The Nobel Prize in 1957 confirmed Todd as the leading organic chemist in Britain. He continued to attack difficult problems. One of these was the chemistry of the aphins, very unusual pigments that give their colours to aphids. Another was the anti-anaemia vitamin (vitamin B12), but here the mystery of its structure was to yield to Dorothy Hodgkin's inspired crystallographic interpretation. Scientists who worked with Todd at Manchester and Cambridge spread over the globe the spirit of free enquiry and intellectual challenge that they found in his laboratories.
A scientist of Todd's ability and eminence could hardly have avoided involvement in the politics of science and in the formation of public scientific policy, and there is no evidence that he was reluctant. In Cambridge he became Master of Christ's College, helped to found Churchill College, and took part in the reform of the Cambridge University Press. He served as President of the Chemical Society and later (1975-80) of the Royal Society. In 1965-68 he chaired a Royal Commission on medical education. By 1962 he was already a life peer, with friendships and contacts pervading the scientific establishment not only of this country, but abroad (he loved Australia and often visited there). His honours are too numerous to mention.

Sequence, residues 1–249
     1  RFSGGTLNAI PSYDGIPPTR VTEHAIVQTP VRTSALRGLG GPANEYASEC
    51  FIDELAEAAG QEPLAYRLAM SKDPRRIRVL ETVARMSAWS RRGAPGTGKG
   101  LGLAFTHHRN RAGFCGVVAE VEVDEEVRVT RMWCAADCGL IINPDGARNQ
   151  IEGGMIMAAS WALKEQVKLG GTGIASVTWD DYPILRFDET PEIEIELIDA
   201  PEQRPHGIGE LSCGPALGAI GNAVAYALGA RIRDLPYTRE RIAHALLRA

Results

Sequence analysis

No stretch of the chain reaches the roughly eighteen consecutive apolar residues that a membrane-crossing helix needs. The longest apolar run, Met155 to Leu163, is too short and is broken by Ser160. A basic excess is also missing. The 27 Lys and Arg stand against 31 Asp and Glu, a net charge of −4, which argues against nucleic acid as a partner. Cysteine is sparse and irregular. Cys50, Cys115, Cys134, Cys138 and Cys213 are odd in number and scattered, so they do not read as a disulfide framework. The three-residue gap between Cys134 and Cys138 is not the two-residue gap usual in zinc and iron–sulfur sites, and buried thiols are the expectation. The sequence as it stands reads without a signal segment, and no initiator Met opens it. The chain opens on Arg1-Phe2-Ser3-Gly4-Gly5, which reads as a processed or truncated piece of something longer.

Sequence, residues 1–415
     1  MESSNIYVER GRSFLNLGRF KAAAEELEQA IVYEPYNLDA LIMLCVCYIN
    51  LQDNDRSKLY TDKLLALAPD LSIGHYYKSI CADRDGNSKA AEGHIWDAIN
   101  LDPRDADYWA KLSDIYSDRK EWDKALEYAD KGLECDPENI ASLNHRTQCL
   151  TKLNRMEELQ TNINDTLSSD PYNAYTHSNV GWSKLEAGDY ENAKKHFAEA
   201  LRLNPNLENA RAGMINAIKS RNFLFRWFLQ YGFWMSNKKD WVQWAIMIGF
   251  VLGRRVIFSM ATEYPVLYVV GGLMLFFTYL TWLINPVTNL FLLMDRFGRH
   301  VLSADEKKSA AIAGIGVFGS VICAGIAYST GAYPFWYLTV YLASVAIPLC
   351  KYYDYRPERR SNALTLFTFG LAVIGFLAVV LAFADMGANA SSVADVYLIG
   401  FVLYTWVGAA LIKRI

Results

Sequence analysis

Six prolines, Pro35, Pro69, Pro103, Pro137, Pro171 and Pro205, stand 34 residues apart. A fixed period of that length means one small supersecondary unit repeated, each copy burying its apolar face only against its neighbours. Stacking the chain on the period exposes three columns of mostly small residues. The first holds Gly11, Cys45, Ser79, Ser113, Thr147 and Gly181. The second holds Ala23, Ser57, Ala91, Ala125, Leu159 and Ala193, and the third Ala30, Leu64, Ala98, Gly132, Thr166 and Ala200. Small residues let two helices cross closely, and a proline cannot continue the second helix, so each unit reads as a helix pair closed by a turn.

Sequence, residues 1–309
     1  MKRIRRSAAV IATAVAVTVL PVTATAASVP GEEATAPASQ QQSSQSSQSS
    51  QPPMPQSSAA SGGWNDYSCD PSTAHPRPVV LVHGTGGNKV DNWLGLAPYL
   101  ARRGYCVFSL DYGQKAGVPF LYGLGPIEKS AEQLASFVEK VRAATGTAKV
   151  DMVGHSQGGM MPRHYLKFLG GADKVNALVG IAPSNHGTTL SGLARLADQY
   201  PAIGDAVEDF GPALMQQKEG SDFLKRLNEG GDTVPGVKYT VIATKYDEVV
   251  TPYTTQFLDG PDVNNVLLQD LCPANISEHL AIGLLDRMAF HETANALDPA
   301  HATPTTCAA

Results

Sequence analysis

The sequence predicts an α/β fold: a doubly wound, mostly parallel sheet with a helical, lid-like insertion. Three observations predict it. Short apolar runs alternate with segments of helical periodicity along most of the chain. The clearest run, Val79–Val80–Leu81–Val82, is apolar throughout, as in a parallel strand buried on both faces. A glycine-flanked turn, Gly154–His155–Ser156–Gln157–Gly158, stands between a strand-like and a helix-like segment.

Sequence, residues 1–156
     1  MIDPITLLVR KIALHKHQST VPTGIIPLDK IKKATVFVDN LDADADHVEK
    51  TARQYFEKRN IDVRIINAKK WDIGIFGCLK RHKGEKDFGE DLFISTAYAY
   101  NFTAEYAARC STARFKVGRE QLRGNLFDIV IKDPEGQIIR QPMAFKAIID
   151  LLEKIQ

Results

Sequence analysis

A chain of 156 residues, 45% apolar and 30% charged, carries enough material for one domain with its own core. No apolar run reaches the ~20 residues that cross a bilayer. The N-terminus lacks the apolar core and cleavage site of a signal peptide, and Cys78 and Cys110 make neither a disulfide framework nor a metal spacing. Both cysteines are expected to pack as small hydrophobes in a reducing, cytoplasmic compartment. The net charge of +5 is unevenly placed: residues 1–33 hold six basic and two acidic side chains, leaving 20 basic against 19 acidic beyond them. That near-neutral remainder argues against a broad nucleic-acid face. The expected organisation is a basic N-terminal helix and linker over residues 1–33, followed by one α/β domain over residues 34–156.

Politically, Todd was a right-wing elitist, as people who have risen by merit often are. He deplored the expansion of university education, fearing that it would produce too many chiefs and too few Indians; but he was not narrow or intolerant. People trusted him and sought his advice. I remember talking with Vladimir Prelog, a fellow-laureate, and asking him if he knew what "tod" meant in Scottish. "Yes," said Vlado, "A fox. A benevolent fox."